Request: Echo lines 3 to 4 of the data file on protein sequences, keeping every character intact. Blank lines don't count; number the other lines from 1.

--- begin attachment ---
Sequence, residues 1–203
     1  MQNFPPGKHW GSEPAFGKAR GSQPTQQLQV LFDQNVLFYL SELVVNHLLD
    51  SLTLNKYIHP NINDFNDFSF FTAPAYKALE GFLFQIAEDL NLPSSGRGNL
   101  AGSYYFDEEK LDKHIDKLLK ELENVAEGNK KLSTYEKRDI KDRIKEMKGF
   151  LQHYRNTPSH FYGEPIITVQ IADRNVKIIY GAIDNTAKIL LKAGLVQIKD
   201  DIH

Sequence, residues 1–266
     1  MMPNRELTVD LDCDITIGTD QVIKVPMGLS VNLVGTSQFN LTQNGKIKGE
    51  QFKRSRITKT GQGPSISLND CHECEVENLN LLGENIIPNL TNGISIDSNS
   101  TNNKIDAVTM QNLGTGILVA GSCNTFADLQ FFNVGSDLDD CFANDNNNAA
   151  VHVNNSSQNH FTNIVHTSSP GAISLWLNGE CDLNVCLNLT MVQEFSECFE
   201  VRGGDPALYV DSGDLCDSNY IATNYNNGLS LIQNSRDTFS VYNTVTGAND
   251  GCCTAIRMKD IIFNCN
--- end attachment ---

    51  SLTLNKYIHP NINDFNDFSF FTAPAYKALE GFLFQIAEDL NLPSSGRGNL
   101  AGSYYFDEEK LDKHIDKLLK ELENVAEGNK KLSTYEKRDI KDRIKEMKGF